Zink’s perspective is echoed in the work of her literary mentor. In Freedom, Jonathan Franzen suggests that the individual liberty prized by the West – by the US, in particular – is always a compromise, and not always something we know what do with. Walter’s campaign to save the birds turns savage; Joey rebels from the suburban liberalism of his parents to engage in murky military deals; Penny exercises her sexual liberty and in doing so ruins her marriage. Franzen is more defiant in his repudiation of corporate power than Zink. ‘Welcome to the middle class!’ Walter bellows at the climax of the book, in a speech that quickly crescendos into locked caps, ‘You, too, can help denude every last scrap of native habitat in Asia, Africa and South America!’ But Franzen is equally alert to the ironies of our Western entitlement to self-fulfilment. Paired together, the issue-clumped activists of Zink’s novel seem almost to be proffering a solution to the problem posed by Franzen’s; that the limits of personal freedom are other people’s personal freedoms. Having the same ambitions lessens the chance of coming into conflict.

Freedom met even greater acclaim than Zink’s work, and was hailed by several critics as a contender for the illustrious title of Great American Novel. Whether or not you agree, it ‘s clear the tension between corporate power and activism being explored in US literature is something that speaks to the current moment. The twin pincers of social media and political correctness mean corporations are more vulnerable than ever to the power of the people. In a way, this is a form of political compromise; accepting a capitalist system, but using egalitarian tools to hold it constantly to account. Far from being a looming boot over the heads of consumers, capitalist strongholds are forced into a far more symbiotic relationship than, for example, at a time before consumers could express their outrage at Espen’s ruthless price hikes of cancer drugs, or shame Pepsi into taking down their misguided faux-protest ad within 24 hours.

However, this reciprocation muddies the waters of opposition. The politically-engaged use social media to broadcast their identification with the under-represented or suppressed, such as with Facebook LGBT filters or the Black Lives Matter hashtag. Yet Facebook and its ilk are themselves instruments of the elite, with Silicon Valley sharing a tremendous amount of power amongst the relative few. Admittedly, Silicon Valley itself has a complicated relationship to corporate power. The free-for-all ideology of the internet emerged from ’60s counter-culture, its exponents have repeatedly resisted governmental intervention and taxation, and Twitter struggles to break even. It is these contradictions, the murky mess of power and opposition, that Zink explores, that gives that shrugging tone such relevance. Her characters are fighting the system from within, and as such are implicated in it.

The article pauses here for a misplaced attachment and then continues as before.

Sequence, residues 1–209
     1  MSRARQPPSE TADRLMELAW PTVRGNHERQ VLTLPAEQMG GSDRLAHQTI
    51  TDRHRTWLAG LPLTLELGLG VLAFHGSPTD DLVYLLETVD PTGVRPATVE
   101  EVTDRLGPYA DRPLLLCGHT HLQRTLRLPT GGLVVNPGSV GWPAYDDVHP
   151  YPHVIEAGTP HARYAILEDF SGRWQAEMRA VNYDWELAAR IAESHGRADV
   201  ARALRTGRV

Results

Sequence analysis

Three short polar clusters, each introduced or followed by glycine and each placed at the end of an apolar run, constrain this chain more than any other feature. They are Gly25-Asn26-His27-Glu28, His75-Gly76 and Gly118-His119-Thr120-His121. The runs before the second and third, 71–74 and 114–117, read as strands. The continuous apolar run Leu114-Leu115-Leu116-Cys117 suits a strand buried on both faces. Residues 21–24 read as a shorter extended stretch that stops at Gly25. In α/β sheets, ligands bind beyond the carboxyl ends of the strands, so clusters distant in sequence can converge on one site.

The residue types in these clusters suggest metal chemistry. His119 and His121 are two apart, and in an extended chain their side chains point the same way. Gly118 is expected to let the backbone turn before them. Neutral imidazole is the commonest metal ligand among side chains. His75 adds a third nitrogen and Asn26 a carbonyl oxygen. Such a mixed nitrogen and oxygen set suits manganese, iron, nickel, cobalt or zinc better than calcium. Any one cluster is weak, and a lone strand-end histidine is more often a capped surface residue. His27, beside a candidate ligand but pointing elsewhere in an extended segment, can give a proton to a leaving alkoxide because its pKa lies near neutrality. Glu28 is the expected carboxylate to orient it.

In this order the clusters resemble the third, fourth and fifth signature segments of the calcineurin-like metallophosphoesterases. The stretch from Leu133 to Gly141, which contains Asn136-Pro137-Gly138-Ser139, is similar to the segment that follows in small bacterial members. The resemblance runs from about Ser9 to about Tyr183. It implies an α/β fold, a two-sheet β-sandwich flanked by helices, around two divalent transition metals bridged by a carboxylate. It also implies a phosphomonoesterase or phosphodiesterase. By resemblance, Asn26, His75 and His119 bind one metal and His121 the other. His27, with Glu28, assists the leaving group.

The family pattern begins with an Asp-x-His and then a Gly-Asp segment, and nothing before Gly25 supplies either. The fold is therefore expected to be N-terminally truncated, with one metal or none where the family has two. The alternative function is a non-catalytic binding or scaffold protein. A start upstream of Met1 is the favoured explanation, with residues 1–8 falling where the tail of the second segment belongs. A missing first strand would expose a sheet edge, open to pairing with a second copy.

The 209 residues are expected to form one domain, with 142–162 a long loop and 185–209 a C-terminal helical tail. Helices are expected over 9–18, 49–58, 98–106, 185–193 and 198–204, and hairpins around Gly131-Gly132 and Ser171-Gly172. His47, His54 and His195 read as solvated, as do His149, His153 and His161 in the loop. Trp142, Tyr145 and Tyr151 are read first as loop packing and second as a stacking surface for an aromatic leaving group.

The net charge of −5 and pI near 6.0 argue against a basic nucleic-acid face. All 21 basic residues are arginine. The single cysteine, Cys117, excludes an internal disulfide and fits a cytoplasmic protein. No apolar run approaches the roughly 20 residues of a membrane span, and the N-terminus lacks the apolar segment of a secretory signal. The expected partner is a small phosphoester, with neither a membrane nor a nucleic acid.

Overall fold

Not every contemporary American writer is quite so gloomy. Franzen and Zink’s irrepressibly chirpier cousin, Rebecca Solnit, treads similar ground in her essay collection Hope in the Dark (originally published in 2005, but updated in a new edition last year), and arrives at a less jaded conclusion. Solnit is a writer and activist who has campaigned with environmentalist groups, amongst others. She acknowledges the rational hopelessness felt by the politically apathetic, but finds continued energy for activism by breaking down the dichotomies of conservative versus liberal, capitalism versus communism, that often make a victory seem impossible. The constant refrain of her essays is that ‘it’s always too soon to go home’, and she picks out the incidents of recent history in which a mind was changed or a voice heard, insisting that it is these singular victories that make the whole activist project worth it.

It’s this perceptive optimism that Zink’s work lacks; the ironies and humour of her novels come from a perspective alert to diametric dichotomies, that sees the amusing contradiction and not the space for potential in between. This is not necessarily a flaw, and it should be acknowledged that Solnit is writing essays that deal directly with social issues, whereas Zink is filtering these through flawed characters and a narrative voice. Still, the consolation that Solnit’s work offers is refreshing. She tells a story about a woman from the Women Strike for Peace antinuclear movement, and how redundant she felt standing in the rain protesting outside the Kennedy White House one morning. Solnit points to the fact that Dr. Benjamin Spock, later a leading anti-nuclear activist, spotted the huddled group of women and was inspired by their commitment to ‘give the issue more consideration himself’. It’s a small anecdote in a slim book, and some readers will identify more with Zink’s wry irony, but whilst the latter captures a contemporary stalemate, it’s hard not to feel cheered by Solnit’s joyful commitment to hope.